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2 little bits from the prologue of the second book in Don't Lose Hope! Ka'harja is 11 here. Just a bab!

I cut out the middle bit because I just want to show off these two scenes, specifically, of Distro being a better mother than Kay'oten.

cw: child abuse mention


‘Not that way,’ Distro let out a laugh. ‘It’s not time for bed yet.’

‘Ith not?’ groaned Ka’harja. He wasn’t sure what else there was to do; gathering firewood had been his last chore for the day.

‘Not if you want to learn how to make potions, it’s not,’ Distro winked at the boy.

‘I’m too tired to read,’ Ka’harja told her. ‘I’ll do twi-th ath much reading tomorrow. I promith.’

‘I was thinking about a more hands-on exercise.’

Ka’harja’s heart skipped a beat. ‘You’re going to let me make a po-thon?’

‘Unless you’d rather go to bed—’

‘—NO!’ Ka’harja didn’t feel tired anymore. ‘I WANT TO MAKE A PO-THON! What po-thon am I going to make? Invi-thability? Levita-thon? Explo-tionth?’

‘A herbal tea,’ Distro told him. ‘Cottonflower.’

Ka’harja’s heart sank. ‘That’th not a po-thon.’

‘Cottonflower tea is the most important potion you will ever learn to make,’ Distro frowned. ‘And it’s the one potion I expect you to never charge people for. Do you understand?’

Ka’harja gave a huff; and then, when he caught Distro’s frown, he nodded.

‘Do you remember what cottonflower tea is?’ she asked.

‘It’th the one for nurlakth,’ said Ka’harja. ‘When they get the thelf-feeding thickneth.’

‘Good lad,’ Distro raised a hand, hesitating when the child flinched. ‘Don’t be scared. High-five.’

Ka’harja swallowed, and slowly raised his own hand— And let out a loud giggle as Distro smacked their palms together.

‘That’s my boy!’ she cheered, ruffling his hair and giving his ears a playful tug. ‘Now, into the pantry with you!’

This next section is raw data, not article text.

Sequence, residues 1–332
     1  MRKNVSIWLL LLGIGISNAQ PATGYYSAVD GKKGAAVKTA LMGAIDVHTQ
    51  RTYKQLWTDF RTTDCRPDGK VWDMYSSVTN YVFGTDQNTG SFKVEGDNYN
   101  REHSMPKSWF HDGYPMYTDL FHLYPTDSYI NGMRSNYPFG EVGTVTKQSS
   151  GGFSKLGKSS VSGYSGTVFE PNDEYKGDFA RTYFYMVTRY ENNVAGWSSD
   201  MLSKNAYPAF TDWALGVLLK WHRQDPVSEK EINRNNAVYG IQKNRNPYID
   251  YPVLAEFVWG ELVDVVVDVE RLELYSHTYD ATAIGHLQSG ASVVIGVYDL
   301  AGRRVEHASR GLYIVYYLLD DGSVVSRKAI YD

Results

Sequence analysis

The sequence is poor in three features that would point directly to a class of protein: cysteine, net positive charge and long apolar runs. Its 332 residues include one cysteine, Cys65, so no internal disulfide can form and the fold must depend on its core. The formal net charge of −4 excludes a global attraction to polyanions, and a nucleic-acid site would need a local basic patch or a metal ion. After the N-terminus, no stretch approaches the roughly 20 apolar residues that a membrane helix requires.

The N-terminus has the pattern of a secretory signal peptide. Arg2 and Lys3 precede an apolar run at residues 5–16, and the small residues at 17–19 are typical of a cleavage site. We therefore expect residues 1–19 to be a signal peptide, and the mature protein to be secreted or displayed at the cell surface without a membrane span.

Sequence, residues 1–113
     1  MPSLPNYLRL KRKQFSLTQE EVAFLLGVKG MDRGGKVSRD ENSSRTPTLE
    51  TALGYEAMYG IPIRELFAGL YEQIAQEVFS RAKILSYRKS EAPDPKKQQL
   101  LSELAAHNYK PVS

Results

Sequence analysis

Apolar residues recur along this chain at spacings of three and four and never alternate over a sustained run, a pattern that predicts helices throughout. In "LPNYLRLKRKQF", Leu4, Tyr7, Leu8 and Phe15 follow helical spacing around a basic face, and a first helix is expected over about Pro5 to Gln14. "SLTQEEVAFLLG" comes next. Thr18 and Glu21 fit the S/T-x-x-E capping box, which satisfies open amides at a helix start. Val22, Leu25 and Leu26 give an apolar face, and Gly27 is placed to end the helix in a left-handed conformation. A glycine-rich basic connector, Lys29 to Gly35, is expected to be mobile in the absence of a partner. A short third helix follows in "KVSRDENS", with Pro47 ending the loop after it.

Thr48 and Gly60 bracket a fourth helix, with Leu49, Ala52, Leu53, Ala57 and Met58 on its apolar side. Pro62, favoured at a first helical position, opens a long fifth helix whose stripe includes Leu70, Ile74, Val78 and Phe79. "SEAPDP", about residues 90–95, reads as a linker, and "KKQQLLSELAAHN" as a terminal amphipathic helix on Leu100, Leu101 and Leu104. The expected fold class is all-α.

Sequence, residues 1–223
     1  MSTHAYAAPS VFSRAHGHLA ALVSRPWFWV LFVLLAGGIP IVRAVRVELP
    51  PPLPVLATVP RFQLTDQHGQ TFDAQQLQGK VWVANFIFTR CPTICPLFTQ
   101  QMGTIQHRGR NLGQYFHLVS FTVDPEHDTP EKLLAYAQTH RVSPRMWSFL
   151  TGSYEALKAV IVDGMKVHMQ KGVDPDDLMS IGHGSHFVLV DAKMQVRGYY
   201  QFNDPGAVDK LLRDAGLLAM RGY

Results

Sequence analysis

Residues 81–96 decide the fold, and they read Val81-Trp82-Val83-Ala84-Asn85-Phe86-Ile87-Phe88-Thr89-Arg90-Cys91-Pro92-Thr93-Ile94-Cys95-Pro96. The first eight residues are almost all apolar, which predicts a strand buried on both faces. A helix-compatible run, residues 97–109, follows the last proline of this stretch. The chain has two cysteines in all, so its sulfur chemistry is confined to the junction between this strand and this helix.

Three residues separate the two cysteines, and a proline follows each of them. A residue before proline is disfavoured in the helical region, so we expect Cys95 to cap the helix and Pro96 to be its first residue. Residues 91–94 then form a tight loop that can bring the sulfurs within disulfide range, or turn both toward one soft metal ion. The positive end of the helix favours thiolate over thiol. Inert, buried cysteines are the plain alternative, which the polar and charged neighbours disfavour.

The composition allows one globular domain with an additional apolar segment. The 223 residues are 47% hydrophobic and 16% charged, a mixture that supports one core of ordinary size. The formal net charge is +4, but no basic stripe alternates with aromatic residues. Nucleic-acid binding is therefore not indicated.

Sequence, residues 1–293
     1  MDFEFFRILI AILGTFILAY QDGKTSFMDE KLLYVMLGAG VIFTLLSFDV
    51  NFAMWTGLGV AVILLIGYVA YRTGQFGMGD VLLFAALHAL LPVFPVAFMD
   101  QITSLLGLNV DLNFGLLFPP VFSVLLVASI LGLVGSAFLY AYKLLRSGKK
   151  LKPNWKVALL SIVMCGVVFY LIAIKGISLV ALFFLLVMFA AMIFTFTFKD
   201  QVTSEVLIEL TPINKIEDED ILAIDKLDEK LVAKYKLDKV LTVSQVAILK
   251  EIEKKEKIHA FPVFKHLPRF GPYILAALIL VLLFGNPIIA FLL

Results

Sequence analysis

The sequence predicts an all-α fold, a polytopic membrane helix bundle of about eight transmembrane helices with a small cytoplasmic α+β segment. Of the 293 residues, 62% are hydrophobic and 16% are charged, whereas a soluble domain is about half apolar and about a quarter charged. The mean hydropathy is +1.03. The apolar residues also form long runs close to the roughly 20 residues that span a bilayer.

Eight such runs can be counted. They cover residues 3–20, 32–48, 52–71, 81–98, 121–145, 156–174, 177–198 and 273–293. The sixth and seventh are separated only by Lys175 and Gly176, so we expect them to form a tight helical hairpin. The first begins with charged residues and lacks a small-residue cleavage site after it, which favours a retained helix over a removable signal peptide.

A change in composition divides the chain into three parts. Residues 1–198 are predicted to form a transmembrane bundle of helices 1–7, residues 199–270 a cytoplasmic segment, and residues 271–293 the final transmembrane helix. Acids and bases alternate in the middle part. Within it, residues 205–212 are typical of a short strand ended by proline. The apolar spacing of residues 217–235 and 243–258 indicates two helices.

Ka’harja rushed to the kitchen, opening the pantry door wide and slipping inside.

He almost gasped; he’d never been allowed in the pantry before, and he couldn’t believe his eyes as they trailed along the shelf-covered walls. It was like a rainbow of plants and poultices.

~~~

‘What did I just say about talking back?’ Distro asked. ‘Did I say to do it? I think not.’

‘I know you don’t real-ly mind,’ Ka’harja grinned. ‘If you did, you’d hit me, juth-d like my real kekik would.’

‘No, I wouldn’t!’ Distro snapped. ‘Don’t talk that crock to me! And don’t you dare compare me to a Har’py.... And what’s this talk about “real” kekiks? As long as you live with me I’m your mother. Plain and simple.’

‘Not by blood,’ mumbled Ka’harja as he began to tear the leaves into small pieces. ‘You’re juth-d looking ath-ter me.’

‘Exactly! That means I’m your mother,’ Distro yanked the leaves out of Ka’harja’s grip and began to snip them into neat squares with scissors. ‘I don’t know what you think mothers are supposed to do, but I’m telling you now; a real mother is the one who loves you most. Nobody will ever love you as much as a real mother will.’

‘But my real moth-der doeth-n’t loth me—’

‘Nonsense! Of course I do,’ said Distro as she scooped the leaves into a ceramic cup. ‘Now, do you remember what to do after cutting the leaves?’

Ka’harja shook his head and Distro let out a heavy sigh.


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